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Milestone Carbon-Nanotube Microchip Sends First Message: ‘Hello World!’

The tiny tubes replace silicon transistors and may lead to much faster, energy efficient microchips

A completed wafer of RV16X-NANO processors. (G. HILLS ET AL/NATURE 2019)
smithsonian.com

Silicon Valley might be the current hotbed for tech, but silicon will likely one day be a thing of the past. To increase speed and power of computers, researchers make switches on microchips called transistors smaller and smaller—but silicon is reaching its limit. Now, many scientists are hyper-focused on building hardware using carbon and other materials that can be manipulated at an even smaller scale. The promise of carbon lies with a material called graphene, which is only one carbon atom thick.

This week MIT researchers made a huge step in that direction: they created a new 16-bit microprocessor made of carbon nanotubes, which are made of graphene cylinders, they report in the journal Nature.

The microchip has 14,000 transistors, making it the largest of its kind to date. It’s certainly a big move from the first carbon chip, which only had several hundred, but it doesn’t even come close to the current power of silicon-based devices, have hundreds of millions of transistors.

As silicon transistors got smaller and more powerful over the past 50 years, things like home computers, smartphones and self-driving cars have became possible. But recently, that process has slowed as engineers approach the limits of how small they can make silicon transistors.

One solution to the end of transistor shrinkage is to make the transistors out of another material. Enter graphene, which is the strongest known material in the world and ten times more energy efficient than silicon. It’s estimated that a carbon nanotube processor could run three times faster than current chips using about one-third the energy.

The problem is, producing the nanotubes, called carbon nanotube field-effect transistors (CNFET) is messy and current processes create tubes with too many defects to scale up the process.

According to an MIT press release, the team tackled several major hurdles in the new project. They developed a circuit design that compensates for some of the natural defects found in the nanotubes. Prior to this work, nanotubes had to be 99.999999 percent pure to work in a processor, a standard that is currently unreachable. The new design means the tubes can be just 99.99 percent pure, a standard that is doable with current technology.

The team also developed a manufacturing process that eliminates more defective tubes. When the tubes are deposited on a chip, they often clump up.

“It’s like trying to build a brick patio, with a giant boulder in the middle of it,” co-author Max Shulaker, an electrical engineer at MIT, tells Maria Temming at Science News.

The team coated the chips with a special polymer and then washed it off, carrying away the bigger chunks and leaving the single nanotubes. They also developed a process for creating the two different types of transistors, n-type and p-type, needed in a microprocessor.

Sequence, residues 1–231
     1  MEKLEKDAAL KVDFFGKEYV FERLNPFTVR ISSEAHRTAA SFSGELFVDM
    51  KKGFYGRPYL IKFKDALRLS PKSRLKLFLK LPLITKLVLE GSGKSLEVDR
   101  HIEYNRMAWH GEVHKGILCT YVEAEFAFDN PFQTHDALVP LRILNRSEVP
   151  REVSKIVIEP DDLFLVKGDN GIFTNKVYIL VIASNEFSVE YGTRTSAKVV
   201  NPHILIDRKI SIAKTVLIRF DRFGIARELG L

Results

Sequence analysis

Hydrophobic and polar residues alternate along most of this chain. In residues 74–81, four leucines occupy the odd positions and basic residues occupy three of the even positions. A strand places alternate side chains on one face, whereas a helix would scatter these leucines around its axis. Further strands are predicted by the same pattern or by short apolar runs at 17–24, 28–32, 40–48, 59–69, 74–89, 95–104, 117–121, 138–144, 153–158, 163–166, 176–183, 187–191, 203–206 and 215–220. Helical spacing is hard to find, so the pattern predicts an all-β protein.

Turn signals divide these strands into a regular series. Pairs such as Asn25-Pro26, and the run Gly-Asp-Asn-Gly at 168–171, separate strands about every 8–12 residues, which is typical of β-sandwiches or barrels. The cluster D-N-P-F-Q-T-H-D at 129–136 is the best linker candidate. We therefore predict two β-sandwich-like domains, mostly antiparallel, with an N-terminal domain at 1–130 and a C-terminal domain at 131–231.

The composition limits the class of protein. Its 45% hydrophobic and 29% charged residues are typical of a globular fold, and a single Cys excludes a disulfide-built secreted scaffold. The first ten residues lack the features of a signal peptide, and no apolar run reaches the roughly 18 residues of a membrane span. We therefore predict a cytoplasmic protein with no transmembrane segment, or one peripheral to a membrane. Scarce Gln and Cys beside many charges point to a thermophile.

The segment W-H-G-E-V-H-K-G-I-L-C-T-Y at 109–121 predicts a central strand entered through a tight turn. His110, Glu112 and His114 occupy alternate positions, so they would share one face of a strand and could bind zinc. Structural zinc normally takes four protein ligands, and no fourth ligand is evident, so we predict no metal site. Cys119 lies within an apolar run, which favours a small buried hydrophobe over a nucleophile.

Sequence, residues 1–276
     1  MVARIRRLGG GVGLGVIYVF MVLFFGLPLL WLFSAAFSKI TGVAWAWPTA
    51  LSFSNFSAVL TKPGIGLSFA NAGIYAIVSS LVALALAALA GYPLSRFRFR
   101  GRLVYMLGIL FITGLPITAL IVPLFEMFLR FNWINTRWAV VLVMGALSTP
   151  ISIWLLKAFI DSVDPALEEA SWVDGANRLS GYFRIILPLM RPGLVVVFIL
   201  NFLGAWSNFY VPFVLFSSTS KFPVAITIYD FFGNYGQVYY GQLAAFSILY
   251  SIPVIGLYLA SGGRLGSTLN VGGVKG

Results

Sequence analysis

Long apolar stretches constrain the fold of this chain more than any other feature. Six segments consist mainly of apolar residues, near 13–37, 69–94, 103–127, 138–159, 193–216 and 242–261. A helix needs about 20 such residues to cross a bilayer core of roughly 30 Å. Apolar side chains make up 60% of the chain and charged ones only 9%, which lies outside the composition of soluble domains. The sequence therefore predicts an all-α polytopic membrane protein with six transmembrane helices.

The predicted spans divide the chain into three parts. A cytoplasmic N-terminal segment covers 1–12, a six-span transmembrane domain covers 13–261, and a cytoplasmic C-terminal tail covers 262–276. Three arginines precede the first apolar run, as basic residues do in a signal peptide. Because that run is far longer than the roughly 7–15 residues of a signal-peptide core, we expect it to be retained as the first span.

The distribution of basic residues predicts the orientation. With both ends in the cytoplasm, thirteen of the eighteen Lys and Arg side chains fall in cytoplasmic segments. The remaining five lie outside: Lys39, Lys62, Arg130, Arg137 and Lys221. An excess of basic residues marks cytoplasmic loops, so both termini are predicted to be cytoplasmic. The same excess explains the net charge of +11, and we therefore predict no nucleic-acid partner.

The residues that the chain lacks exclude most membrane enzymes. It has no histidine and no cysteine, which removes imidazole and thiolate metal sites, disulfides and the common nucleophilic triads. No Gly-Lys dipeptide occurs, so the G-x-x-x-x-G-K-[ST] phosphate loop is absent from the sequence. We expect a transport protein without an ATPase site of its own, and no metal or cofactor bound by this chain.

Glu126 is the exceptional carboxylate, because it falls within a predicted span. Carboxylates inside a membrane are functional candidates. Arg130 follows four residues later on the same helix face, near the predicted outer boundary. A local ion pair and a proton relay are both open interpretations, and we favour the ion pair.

When they put it all together into a chip, it worked, and the processor was able to execute a set of instructions, printing out “Hello, World! I am RV16XNano, made from CNTs.”

“This work takes a big step forward and gets much closer to a commercial chip,” physicist Yanan Sun of the Shanghai Jiao Tong University in China, not involved in the study, tells Elizabeth Gibney at Nature.

The technology still has a long way to go, and, in the end, it may not prove feasible. Katherine Bourzac at Chemical & Engineering News reports that the first carbon nanotube transistor was created at IBM in 1998. But the difficulties in producing the nanotubes at scale dampened enthusiasm for the technology. Over the past decade, teams of scientists at Stanford and MIT have continued to plug away at the problems of carbon nanotubes. In July 2018, the team received $61 million from the Defense Advanced Research Projects Agency to refine the tech, resulting in the new techniques.

One big hurdle, however, is moving the technology to a factory. Most manufacturers want to be able to use the same machines and equipment they currently use to produce silicon chips. In reality, however, the material needs to be adapted to those industrial processes. “They have outstanding results in the research and lab space,” Greg Schmergel, CEO of Nantero, a company that makes carbon nanotube memory modules, tells Bourzac. “But it can be quite a shock as you’re moving from the lab to production stages.”

Shulaker, however, is optimistic that his team will be able to make that leap, estimating in the press release that commercial nanotube microprocessors could be available in less than five years. “We think it’s no longer a question of if, but when,” he says.

About Jason Daley

Jason Daley is a Madison, Wisconsin-based writer specializing in natural history, science, travel, and the environment. His work has appeared in Discover, Popular Science, Outside, Men’s Journal, and other magazines.

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